Miss Marion E. Carll 1885-1968... Marion E. Carll was born in
The cast of the first community play to be presented at the new school auditorium in 1924 poses for the camera. Marion Carll is seen standing in back (third person on the right). Photo courtesy of Sherman Carll.
Commack on April 13, 1885, in the farmhouse that bears her name today. She grew up on this farm on Commack Road with her six brothers and sisters. She attended the Old South School, the one-room schoolhouse which used to stand on the northwest corner of Commack Road and Hauppauge Road. Subsequently she attended high school in Jamaica and then the Jamaica Normal School, a training school Marion Carll an for teachers. She then taught in d one of her po nies both Commack and New York City. In 1924 she gave up her teaching career and came back to Commack. (“Portrait of a citizen: Commack’s Leading Citizen Past, Present, and Future,” by Peggy Galvin, Smithtown News, 1964, on file in the L.I. History Room of the Smithtown Library.) Miss Carll now pursued a more active role in the Commack community. She took an interest in the local school and served as Treasurer and Census Taker for the Commack District for 25 years from 1929 to 1954. She helped organize Commack’s first P.T.A. and served as President from 1926 to 1936. She was actively involved in the Commack Fire Company Auxillary, the Commack Cemetery Board, and the Commack Methodist Church. She became involved in local historical societies and produced a map of the Commack area showing the location of historical sites within the community. This map is one of the most valuable records we have of the history of the Commack community. (Peggy Galvin, op. cit.) In 1957 the Commack School Board named the Commack Grammar School on Jericho Turnpike, the Marion E. Carll School in her honor as a token of appreciation for all her efforts on behalf of the community. It might have been this act which led Miss Carll to draft a will which deeded to the Commack School District the Marion Carll Farm. She always enjoyed having the children of Commack visit her farm where in 1964 she had “six ponies and two foals..., one goat, one sheep, chickens, ducks, geese, and guinea hens.” No doubt she envisioned that one day, the boys and girls of Commack would be living in a suburban landscape, and they would have no knowledge of farming and the animals one might find there. She must have hoped the farm would continue as a working, active farm that children of Commack would visit and enjoy. (Peggy Galvin, op. cit.) Miss Marion Carll died on November 16, 1968, at the age of eighty-three. She left behind a remarkable record of public service and the legacy of her farm for future residents to enjoy. In many ways, Miss Marion E. Carll remains one of Commack’s most important links to the past. Marion Carll photo courtesy of Society for the Preservation of Long Island Antiquities.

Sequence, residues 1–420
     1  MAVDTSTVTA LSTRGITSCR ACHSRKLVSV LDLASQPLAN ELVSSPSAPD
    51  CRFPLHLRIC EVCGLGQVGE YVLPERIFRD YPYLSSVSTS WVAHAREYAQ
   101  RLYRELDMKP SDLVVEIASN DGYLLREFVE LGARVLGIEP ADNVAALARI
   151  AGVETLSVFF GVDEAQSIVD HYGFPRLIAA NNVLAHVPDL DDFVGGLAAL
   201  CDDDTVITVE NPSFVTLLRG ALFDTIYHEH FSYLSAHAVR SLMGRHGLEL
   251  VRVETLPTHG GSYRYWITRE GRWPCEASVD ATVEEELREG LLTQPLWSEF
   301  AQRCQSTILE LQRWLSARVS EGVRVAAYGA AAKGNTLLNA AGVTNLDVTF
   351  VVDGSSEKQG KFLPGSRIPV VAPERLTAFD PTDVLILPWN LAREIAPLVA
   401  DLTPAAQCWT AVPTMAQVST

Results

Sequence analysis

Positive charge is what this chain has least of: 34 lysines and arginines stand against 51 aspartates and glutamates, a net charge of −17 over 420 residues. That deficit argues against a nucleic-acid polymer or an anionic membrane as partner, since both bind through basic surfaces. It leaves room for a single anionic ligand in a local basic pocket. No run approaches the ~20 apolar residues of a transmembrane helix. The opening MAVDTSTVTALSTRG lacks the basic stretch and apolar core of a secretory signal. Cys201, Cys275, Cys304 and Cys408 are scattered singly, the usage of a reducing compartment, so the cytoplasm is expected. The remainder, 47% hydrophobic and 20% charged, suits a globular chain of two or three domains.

which served as Commack's only school from 1924 until 1958 when Smith’s Lane School opened. Marion Carll recalled that the building "contained four classrooms and a auditorium downstairs and a fifth classroom and library upstairs. There was a small room for the principal’s use." For years, only the downstairs classrooms were used in the school. But following WWII, as the “enrollment gradually increased” a new wing was added in 1953, followed by another wing in 1956, and yet another wing in 1960. By the time the school was named in honor of Marion Carll in 1957, enrollment had increased and so had the size of the building. ("History of One-Room Schools in Commack,” by Marion Carll, unpublished manuscript on file in the Commack School District Archives, p.8.) In 1973, as the School District's enrollment declined, the Marion Carll School was sold to the New York Institute of Technology. The New York Institute of Technology organized a community college at the school and conducted classes here for a number of years. Eventually a decision was made to close the facility, and the school went back on the market. Unfortunately, the empty building was vandalized and set afire. In 1990, the building was demolished and that was when a time capsule was discovered in the cornerstone of the building. The time capsule was rescued by Commack Fire Department members John Bender and Joe DeJose, and Fire Commissioners John Minton and Jerry O'Sullivan who saw the building being The Marion Carll Farm house on Commack Road was built in 1860 and is presently owned by the Commack School District. Photo courtesy of the Smithtown Historical Society.
The history of Commack School District on the 100th Anniversary: 1899-1999